Figure 3. CV profiles of bare GCE, Pt NPs/GCE and BNNS-Pt NPs/GCE in 0.1 M PBS (pH 7.0) in the presence and the absence of 0.2 μM UA.

The effect of pH on the oxidation of 0.2 μM UA is shown in Figure 4A. The pH value of the PBS was changed by adding 0.1 M HCl or 0.1 M NaOH. We investigated UA oxidation in the pH range between 4.0 and 10.0 in PBS using SWV. Figure 4B shows the relationship between the oxidation current and pH conditions. The peak current increases when the pH increases. After pH 6, the peak current decreases with a further increase of pH. Therefore, pH 6 has been chosen for the optimum pH condition for UA detection. As shown in Figure 4C, the oxidation peak potential shifts along with the pH value. A linear expression can be deduced as: Epa(V)=(−0.0211) pH+0.0802 (R = 0.997). The number of electrons (n) in the overall reaction can be calculated as 2 for a totally irreversible diffusion-controlled process.


Figure 4. (A) SWV scans of BNNS-Pt NPs/GCE toward 0.2 μM UA at different pH values from 4.0 to 10.0. (B) The relationship of pH value and peak current. (C) Plot of pH vs. peak potential.

The effect of the amount of BNNS-Pt NPs on the UA oxidation has been optimized. As shown in Figure 5A, the oxidation peak current increases along with the BNNS-Pt NP loading increase from 1 to 5 μL. Further increases in the BNNS-Pt NPs will result in a lower current response due to the thicker modification layer and will consequently lower the electron transfer efficiency. Therefore, 5 μL of the BNNS-Pt NP dispersion was applied as electrode modifier. The accumulation process was further optimized for UA oxidation. As seen from Figure 5B, the peak response increases significantly from 0 to 30 min. Then, the peak currents remain steady with the further increase of accumulation time. Therefore, 30 min was chosen before sensing.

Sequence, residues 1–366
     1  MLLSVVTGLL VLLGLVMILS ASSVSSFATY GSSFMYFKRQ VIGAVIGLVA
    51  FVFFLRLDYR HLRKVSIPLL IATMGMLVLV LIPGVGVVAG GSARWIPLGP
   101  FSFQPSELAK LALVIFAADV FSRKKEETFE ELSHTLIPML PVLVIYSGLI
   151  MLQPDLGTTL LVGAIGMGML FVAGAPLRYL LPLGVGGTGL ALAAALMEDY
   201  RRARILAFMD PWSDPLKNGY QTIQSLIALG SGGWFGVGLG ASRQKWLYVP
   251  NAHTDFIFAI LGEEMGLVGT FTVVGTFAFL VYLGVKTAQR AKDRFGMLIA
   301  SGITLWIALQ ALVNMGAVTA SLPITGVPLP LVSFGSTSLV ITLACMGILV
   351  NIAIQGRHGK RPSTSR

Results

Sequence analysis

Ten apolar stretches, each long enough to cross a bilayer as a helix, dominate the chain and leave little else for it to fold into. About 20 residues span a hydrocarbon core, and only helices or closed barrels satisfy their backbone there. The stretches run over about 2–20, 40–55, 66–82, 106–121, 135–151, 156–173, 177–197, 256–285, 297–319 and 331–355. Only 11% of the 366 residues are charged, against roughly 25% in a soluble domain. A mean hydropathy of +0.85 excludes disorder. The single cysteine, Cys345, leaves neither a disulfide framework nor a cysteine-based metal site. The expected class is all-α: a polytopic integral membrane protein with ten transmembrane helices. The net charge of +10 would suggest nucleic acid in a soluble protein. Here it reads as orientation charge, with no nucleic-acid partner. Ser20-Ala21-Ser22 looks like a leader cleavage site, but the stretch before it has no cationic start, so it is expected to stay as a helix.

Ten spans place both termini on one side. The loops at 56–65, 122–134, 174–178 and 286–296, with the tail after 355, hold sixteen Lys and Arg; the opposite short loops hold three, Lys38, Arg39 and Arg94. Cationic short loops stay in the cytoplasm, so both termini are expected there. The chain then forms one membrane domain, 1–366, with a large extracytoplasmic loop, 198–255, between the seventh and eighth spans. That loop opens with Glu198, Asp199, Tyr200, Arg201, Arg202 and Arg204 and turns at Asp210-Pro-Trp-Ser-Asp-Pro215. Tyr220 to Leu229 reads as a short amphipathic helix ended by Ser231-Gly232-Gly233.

Figure 5. Effect of (A) the BNNS-Pt NPs content and (B) accumulation time toward 0.2 μM UA detection.

Under the optimum conditions, SWV was used for UA analysis. Figure 6 shows the SWV profiles of UA at BNNS-Pt NPs/GCE. The UA oxidation currents is linearly related its concentration from 1 to 1200 pM. The equations can be expressed as Ipa (μA) = 0.24221 c (nM) + 2.4454. The LOD can be calculated to be 0.5 pM (S/N=3).


Figure 6. SWV profiles of UA at BNNS-Pt NPs/GCE from a to k: 1, 5, 20, 50, 100, 200, 300, 400, 500, 700, 900, 1,200 pM.

The reproducibility of the proposed electrochemical sensor was investigated by the detection of 0.2 μM UA with eight individual detections. A RSD of 4.1% was recorded, indicating that the BNNS-Pt NP dispersion exhibits good reproducibility compared with previous BNNS based works (Fu et al., 2016, 2018a). The stability of the sensor was investigated by ten successive detections of 0.2 μM UA. The current remained at more than 85% after ten scans. The proposed electrochemical sensor could maintain more than 95% performance after 1 month storage.

The anti-interference performance was investigated as well. The results show that 50-fold higher concentrations of common cations (Ca2+, Na+, K+, Zn2+) and anions (NO3-, Cl, SO42-) show no changes of sensing. Ten-fold higher concentrations common species of dopamine, uric acid, glucose and ascorbic acid also show no changes of sensing (Figure 7). Therefore, the proposed BNNS-Pt NPs/GCE shows excellent selectivity for UA oxidation.